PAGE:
Campers learn about original text message

From left, two campers, Ron Grew and Ross Reynolds during the camp activity.
From left, two campers, Ron Grew and Ross Reynolds during the camp activity.
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Area middle school girls learned about Morse Code — one of the first forms of text messaging — at the Science Technology and Engineering Preview Summer Camp in June.

The camp, sponsored by the School of Engineering in the Seymour and Esther Padnos College of Engineering and Computing, educates girls from all over West Michigan about careers in engineering.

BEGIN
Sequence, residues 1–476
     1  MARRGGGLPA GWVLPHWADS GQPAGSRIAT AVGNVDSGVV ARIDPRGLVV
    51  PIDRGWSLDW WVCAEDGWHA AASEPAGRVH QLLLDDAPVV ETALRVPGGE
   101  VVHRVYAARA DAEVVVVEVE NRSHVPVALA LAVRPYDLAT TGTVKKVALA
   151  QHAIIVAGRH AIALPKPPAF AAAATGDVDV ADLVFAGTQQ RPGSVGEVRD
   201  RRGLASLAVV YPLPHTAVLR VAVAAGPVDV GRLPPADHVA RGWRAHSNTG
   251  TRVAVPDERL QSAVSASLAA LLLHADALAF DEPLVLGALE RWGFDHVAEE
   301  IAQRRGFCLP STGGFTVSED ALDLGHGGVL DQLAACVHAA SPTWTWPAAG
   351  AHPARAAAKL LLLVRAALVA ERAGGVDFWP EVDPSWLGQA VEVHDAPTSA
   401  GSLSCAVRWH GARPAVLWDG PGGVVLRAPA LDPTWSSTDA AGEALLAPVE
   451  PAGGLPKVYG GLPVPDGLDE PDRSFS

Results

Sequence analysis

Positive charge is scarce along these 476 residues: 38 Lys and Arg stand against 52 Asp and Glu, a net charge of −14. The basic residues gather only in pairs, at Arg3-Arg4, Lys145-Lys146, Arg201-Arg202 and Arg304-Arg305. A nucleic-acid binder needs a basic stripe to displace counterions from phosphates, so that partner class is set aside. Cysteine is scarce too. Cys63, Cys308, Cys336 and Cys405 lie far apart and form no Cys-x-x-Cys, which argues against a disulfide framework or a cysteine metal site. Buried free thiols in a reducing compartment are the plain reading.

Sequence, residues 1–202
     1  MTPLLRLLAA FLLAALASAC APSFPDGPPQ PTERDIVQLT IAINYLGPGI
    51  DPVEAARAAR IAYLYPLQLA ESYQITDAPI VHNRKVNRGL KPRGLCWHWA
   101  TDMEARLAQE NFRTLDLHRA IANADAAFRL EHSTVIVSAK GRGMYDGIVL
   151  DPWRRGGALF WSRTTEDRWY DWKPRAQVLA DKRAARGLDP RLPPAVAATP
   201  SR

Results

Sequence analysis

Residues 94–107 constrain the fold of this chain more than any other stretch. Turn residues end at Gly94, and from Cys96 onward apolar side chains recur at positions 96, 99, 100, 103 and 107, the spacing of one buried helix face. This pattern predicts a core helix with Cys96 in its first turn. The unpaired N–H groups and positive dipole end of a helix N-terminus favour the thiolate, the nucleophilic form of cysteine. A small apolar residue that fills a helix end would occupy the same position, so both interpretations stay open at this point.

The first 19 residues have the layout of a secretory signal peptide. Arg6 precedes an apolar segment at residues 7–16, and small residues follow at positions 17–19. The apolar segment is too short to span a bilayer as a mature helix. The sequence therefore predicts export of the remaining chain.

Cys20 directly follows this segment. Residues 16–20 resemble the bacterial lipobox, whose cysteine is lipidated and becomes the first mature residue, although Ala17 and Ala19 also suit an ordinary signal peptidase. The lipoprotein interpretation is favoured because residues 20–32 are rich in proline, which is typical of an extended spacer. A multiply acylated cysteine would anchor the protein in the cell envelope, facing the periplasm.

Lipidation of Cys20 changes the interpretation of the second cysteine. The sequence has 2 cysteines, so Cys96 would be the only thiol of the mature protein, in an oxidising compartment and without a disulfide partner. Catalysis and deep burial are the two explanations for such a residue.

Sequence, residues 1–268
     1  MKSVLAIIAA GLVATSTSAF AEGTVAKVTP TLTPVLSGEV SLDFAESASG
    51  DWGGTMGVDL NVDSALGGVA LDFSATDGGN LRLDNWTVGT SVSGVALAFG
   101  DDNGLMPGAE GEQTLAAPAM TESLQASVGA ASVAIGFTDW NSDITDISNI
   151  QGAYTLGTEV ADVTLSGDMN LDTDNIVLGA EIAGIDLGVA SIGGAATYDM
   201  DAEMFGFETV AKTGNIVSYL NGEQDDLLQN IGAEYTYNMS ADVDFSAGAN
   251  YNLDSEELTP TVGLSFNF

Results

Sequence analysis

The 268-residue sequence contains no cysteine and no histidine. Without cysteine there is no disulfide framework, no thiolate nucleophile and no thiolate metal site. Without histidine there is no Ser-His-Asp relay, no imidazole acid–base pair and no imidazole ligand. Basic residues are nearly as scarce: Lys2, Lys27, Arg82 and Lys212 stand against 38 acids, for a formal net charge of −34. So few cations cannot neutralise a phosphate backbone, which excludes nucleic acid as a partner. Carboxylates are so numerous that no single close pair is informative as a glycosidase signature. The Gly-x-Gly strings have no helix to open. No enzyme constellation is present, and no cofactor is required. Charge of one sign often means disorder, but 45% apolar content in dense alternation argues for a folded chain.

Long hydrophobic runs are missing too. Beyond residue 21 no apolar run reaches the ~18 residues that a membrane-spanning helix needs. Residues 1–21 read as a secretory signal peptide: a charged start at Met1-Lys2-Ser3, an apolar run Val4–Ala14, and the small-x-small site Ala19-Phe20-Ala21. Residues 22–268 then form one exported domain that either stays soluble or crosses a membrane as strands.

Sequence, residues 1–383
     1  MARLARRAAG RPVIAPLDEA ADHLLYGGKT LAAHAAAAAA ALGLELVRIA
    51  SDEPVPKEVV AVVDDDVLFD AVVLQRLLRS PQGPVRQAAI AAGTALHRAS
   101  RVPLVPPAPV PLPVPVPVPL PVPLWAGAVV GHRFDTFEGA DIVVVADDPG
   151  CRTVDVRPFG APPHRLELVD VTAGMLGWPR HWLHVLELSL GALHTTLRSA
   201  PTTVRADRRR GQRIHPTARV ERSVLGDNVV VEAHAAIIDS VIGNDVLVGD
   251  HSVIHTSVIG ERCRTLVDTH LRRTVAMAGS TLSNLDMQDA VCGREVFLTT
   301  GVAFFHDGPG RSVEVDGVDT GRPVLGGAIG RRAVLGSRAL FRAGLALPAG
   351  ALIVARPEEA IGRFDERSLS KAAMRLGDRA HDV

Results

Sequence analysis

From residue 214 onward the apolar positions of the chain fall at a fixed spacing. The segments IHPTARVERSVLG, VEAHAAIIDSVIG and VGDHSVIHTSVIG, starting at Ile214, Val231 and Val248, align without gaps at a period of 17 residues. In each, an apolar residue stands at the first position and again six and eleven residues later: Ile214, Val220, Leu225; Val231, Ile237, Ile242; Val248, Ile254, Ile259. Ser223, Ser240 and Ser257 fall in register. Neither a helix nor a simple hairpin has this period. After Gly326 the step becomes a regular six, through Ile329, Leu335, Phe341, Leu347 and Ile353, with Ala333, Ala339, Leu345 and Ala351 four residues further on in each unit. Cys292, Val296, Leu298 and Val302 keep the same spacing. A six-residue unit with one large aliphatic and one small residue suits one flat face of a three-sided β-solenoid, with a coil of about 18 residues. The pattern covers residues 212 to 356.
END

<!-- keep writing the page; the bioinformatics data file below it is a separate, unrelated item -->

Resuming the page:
Students and staff members taught campers about the history of Morse Code, stemming from the 1800s, and Samual Morse and the telegraph. They learned how to send and receive code, including numbers and words.

“I’ve heard from some campers that it’s more fun than texting today,” said Ron Grew, engineering lab supervisor. “They really got into it. They liked to try to guess the word ahead of time and were excited when they were correct.”

The activity was organized by Grew, Ross Reynolds, professor of physics, and students Andrew Johnson and Ryan Alridge.

During the two four-day camps, girls participated in a variety of activities, and constructed radio-controlled airplanes that they flew at the end of the camp. This was the 11th year Grand Valley hosted the camp.

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